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No more mmmmm from Mazda

It's the end of the line for Mazda's RX-8 and its rotary engine

Published: June 27, 2012, 12:00 PM
Updated: April 29, 2018, 2:13 PM

2011 Mazda RX-8 GT

When the last Mazda RX-8 sports car rolled off the assembly line in Hiroshima, Japan last week, it was the end of the line not only for the car but for the novel rotary engine that powered it.

After 45 years of continuous production, Mazda's rotary engine experiment has come to an end. Or has it?

Some company officials have suggested that a new rotary engine might find use as a range-extender for a plug-in hybrid vehicle, along the lines of the Chevrolet Volt. But there are no known plans for such a project by Mazda at this time.

There is also some speculation that a hydrogen-fuelled rotary engine might have some future application as the rotary seems to have a particular affinity with that gaseous fuel. But it's a long shot.

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When it was introduced in the early 1960s, the rotary engine (sometimes called the Wankel engine after its inventor, Felix Wankel) showed huge promise.

In concept, the Wankel comprised one or more roughly triangular rotors, each rotating in their own housing, shaped like an ellipse with a pinched mid-section.

With only a fraction of the moving parts in a piston engine, it was compact, light in weight, smooth running and capable of very high speed and high power output.

Mazda later capitalized on its smoothness with ads that focused on its mmmmm sound.

It even found use in such diverse applications as lawn mowers and snowmobiles.

Germany's NSU (later merged into Audi) and Mazda were the first automakers to put the rotary engine into production, although Mercedes-Benz gave it a look and General Motors came very close to production, terminating a multi-year development project virtually on the eve of its introduction.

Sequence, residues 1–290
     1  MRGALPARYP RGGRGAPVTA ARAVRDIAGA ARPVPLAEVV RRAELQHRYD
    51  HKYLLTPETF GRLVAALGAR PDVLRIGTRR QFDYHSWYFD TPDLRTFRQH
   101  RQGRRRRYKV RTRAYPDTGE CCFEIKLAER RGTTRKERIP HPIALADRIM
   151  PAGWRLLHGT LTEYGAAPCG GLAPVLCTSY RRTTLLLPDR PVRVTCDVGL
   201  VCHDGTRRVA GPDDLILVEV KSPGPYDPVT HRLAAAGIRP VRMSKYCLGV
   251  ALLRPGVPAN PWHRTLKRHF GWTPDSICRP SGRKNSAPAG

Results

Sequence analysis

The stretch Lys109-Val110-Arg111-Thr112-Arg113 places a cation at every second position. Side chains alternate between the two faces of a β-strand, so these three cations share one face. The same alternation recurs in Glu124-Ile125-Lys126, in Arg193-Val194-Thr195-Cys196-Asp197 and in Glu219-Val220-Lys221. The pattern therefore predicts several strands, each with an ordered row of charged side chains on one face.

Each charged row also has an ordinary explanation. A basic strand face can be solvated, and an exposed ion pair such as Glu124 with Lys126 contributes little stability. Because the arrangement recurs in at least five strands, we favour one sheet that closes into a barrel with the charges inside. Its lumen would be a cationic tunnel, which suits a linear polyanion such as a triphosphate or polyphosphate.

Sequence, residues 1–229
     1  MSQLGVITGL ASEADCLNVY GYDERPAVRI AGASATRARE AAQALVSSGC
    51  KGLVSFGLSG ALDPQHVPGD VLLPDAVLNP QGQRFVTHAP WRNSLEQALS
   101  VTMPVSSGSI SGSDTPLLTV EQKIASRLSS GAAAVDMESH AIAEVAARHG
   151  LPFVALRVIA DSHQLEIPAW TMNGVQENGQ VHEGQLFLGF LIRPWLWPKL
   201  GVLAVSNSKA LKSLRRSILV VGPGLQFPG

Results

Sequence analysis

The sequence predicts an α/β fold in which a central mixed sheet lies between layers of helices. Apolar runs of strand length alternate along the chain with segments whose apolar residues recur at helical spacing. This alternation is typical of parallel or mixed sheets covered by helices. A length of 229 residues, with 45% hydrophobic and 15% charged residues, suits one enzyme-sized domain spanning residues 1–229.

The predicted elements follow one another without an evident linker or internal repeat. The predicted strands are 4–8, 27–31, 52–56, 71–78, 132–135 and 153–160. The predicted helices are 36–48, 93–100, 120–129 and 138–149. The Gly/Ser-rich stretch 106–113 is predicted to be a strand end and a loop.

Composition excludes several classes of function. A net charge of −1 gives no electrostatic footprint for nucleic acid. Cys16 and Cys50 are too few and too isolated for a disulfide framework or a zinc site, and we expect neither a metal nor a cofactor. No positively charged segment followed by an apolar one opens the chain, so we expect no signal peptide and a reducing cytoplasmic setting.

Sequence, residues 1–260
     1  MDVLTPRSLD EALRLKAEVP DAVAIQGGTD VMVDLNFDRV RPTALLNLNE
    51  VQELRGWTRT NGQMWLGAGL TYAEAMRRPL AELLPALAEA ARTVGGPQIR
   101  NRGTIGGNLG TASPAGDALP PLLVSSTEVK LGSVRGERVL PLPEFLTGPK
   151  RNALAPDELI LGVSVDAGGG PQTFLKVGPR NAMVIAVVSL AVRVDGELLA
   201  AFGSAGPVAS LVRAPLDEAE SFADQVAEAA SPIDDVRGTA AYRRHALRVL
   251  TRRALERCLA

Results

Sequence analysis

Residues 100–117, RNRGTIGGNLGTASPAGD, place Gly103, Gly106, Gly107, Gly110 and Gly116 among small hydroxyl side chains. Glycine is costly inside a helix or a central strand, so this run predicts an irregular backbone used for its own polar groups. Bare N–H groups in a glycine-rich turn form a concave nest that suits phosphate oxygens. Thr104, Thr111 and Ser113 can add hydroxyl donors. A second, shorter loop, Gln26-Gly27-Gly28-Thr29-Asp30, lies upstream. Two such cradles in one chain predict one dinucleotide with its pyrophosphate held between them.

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Mazda's first rotary-powered production vehicle was the 1967 Cosmo coupe, a prime example of which is owned and has been restored by Mazda Canada.

The rotary's Achilles heel was the double whammy of emissions and fuel-economy regulations, which became challenges for all automakers in the early 1970s. Both were particular challenges for the rotary engine.

The rotary also had issues with oil consumption and durability, primarily as a result of premature wear on the sealing tips at the corners of the triangular rotors.

As a result, Mazda became the only automaker still producing a rotary engine, applying it to a broad range of vehicles, even including a pickup truck – although few of those ever made it to North America.

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By 1978, when the RX-7 sports car was introduced, it was the only rotary-engined vehicle on sale on this continent.

The rotary engine doesn't kick you in its back with low-end torque, like a big-displacement piston engine, but it seems to wind forever, increasing power output as goes and producing almost turbine-like acceleration.

As a result, the RX-7 and its rotary-powered predecessors, were favourites of the racing fraternity and remain so to this day.

In 1991, a purpose-built Mazda 787B race car became the only rotary-powered car, and the only Japanese brand, ever to win the 24 Hours of Le Mans.

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The RX-7 and its successors, including various iterations of turbocharged rotaries, culminating in the RX-8, continued to be the sole rotaries sold in North America until the RX-8 was withdrawn in 2011.

It continued to be sold in other markets – until production ceased on June 22, 2012.

To learn more about Mazda's history of rotary-engined vehicles, click here.

RIP rotary!